How do climate, economic reach and market structure, supply and demand, geo-political shifts, consumer preferences and consumption patterns come together to affect global and European food demand and raw material production? The TRANSMANGO project set out to examine the impact of these, and other factors, to assess the vulnerability and resilience of European food systems. Dr Erik Mathijs, the project’s coordinator, explains, “Food and nutrition security not only involves access to sufficient food, but also implies healthy diets and sustainable ecosystems in order for the food system to be resilient. Europe is experiencing increasing problems relating to food and nutrition security, rising obesity and endangered natural ecosystems.” Our focus in Europe is on efficiency, explains Dr Mathijs, which means there is a lack of attention paid to vulnerability and resilience. TRANSMANGO aimed to address this gap. How will our current approach to food supply hold up in the future? Researchers investigated 18 case studies addressing various issues such as food assistance, school meals, access to land, and community-supported agriculture, across Europe. The vision and strategies of these case studies were considered in the light of future European food systems. “We brought together a variety of stakeholders to consider ways of meeting new demands,” Dr Mathijs says. TRANSMANGO’s case studies were analysed using system-thinking tools, such as causal loop diagrams, which visualise the interdependence between the driving forces affecting food system outcomes, as well as feedback loops and unintended effects of policies and actions. They found that the transformative cases aiming at making food systems more resilient were characterised by five principles. The first principle is to recognise the right to food of both traditional and also newly emerging vulnerable groups, such as refugees. A second principle is that resilient initiatives connect sustainability to human health, i.e. they seek to organise food systems and diets in a way that is good for the environment and for human health. Thirdly, initiatives make stronger links between urban and rural actors and activities, thus benefiting from mutual exchange of ideas and resources. A fourth principle is that resilient initiatives use both technological innovations (such as apps) and social innovations (new ways of collaboration) to underpin their activities. Fifthly, these initiatives take a different perspective on resilience, giving much more attention to diversity rather than to efficiency. “The project established,” says Dr Mathijs, “a conceptual model of the food system that captures its systemic, dynamic, political and uncertain character.” The research team set out future scenarios at both EU and national level, capturing the main uncertainties the EU food system is facing. They also developed a set of systems-thinking, modelling tools and games to analyse complex food systems. “Looking at complexity and resilience requires interdisciplinary approaches. TRANSMANGO has successfully developed approaches integrating various disciplines, such as economics, sociology and geography.” The researchers’ insights have contributed to various stakeholders processes. One example is the ‘Common Food Policy Vision’, which was produced by the International Panel of Experts on Sustainable Food Systems, and its partners, to prepare the EU Food and Farming Forum held on 29-30 May 2018.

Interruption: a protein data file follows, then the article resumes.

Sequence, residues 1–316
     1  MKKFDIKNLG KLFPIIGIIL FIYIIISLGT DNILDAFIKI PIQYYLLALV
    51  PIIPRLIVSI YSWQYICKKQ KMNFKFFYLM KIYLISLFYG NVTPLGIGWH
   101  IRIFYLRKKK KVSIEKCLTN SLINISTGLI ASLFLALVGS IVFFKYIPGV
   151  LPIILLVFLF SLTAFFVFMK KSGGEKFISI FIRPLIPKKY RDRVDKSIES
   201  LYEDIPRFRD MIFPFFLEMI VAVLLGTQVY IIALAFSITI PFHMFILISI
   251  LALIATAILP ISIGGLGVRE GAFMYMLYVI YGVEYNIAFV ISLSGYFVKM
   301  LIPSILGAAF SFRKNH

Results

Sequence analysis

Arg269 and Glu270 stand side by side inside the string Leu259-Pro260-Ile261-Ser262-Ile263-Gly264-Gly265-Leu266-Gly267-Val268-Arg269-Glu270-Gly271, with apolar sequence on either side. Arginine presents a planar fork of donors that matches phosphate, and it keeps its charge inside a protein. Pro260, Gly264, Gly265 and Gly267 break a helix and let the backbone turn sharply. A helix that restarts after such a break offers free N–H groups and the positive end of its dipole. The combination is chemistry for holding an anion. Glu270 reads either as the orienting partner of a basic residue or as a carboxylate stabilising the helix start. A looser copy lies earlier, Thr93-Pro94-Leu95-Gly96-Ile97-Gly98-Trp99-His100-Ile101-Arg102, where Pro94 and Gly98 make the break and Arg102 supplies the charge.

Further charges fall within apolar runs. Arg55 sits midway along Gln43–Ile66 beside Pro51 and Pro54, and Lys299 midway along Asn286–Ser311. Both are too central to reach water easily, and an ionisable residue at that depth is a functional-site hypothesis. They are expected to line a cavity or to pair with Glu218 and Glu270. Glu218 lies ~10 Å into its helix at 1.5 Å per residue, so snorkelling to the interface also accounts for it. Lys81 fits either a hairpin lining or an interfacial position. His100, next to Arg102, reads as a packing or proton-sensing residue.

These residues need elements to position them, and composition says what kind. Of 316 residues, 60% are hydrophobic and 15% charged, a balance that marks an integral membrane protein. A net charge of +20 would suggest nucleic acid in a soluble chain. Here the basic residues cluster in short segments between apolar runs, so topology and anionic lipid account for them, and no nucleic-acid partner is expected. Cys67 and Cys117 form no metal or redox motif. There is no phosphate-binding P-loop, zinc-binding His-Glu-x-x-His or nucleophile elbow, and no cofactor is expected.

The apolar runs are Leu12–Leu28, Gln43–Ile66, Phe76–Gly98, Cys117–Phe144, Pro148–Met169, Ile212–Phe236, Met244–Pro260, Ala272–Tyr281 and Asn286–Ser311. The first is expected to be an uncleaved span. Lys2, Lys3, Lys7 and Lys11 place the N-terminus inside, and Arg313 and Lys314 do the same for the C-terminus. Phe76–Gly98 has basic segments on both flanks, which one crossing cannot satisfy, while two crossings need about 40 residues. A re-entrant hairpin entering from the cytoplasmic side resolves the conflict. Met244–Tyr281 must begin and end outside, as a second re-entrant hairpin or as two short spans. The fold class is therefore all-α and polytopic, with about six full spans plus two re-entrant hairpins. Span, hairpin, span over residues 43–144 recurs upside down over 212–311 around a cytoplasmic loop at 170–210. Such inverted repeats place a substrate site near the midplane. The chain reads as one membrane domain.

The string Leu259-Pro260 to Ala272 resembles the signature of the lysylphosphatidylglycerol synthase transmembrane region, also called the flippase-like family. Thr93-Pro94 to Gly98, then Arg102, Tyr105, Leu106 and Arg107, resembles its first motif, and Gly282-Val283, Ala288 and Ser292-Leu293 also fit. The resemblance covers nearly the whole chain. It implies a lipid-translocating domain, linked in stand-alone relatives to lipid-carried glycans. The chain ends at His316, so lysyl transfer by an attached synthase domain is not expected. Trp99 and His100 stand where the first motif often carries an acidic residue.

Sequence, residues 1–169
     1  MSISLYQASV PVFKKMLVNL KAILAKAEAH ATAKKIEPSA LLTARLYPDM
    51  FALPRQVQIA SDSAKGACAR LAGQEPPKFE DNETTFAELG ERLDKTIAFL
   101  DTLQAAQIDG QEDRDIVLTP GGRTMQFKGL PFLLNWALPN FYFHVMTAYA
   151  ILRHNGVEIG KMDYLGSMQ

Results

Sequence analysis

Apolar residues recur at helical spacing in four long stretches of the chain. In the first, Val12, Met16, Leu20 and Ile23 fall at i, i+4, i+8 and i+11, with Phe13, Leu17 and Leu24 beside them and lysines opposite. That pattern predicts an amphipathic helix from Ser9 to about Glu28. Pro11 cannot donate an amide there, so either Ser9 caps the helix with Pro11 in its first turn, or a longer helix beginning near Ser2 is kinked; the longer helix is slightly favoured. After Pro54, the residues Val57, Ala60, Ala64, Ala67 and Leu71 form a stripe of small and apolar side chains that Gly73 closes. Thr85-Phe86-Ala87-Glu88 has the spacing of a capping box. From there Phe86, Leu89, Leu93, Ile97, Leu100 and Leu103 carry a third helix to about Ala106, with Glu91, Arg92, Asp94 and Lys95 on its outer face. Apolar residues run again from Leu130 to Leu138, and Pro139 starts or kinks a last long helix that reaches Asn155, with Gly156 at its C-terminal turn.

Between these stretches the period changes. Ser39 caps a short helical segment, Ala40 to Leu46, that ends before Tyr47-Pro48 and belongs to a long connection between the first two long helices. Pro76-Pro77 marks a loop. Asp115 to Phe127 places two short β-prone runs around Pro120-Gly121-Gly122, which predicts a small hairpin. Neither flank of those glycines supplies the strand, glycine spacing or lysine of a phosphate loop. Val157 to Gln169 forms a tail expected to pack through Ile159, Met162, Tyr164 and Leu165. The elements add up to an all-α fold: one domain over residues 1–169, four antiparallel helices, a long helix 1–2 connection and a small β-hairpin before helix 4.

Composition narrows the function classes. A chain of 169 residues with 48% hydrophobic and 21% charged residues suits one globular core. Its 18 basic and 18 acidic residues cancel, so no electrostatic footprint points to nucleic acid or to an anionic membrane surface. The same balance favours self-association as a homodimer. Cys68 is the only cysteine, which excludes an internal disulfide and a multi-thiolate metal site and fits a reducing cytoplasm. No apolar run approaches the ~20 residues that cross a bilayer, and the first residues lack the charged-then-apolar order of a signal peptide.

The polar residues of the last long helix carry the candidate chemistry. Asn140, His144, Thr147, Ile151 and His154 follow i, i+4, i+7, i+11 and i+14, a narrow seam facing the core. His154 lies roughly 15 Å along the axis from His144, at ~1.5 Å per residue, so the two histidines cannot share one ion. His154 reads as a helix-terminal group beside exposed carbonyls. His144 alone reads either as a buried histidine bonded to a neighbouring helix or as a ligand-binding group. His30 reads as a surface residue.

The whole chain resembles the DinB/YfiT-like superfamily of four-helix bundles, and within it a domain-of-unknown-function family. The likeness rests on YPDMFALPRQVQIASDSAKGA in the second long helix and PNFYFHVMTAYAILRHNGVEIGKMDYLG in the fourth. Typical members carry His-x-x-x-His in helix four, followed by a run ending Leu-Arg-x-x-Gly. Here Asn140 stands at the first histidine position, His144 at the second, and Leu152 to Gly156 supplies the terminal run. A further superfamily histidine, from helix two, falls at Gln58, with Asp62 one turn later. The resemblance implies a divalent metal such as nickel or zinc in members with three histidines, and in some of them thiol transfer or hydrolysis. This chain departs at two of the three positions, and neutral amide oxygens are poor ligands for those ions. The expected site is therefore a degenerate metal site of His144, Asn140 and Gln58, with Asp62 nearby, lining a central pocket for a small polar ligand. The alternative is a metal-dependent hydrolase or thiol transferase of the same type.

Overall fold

TRANSMANGO, food security, sustainable, food policy, policy, food resilence, nutrition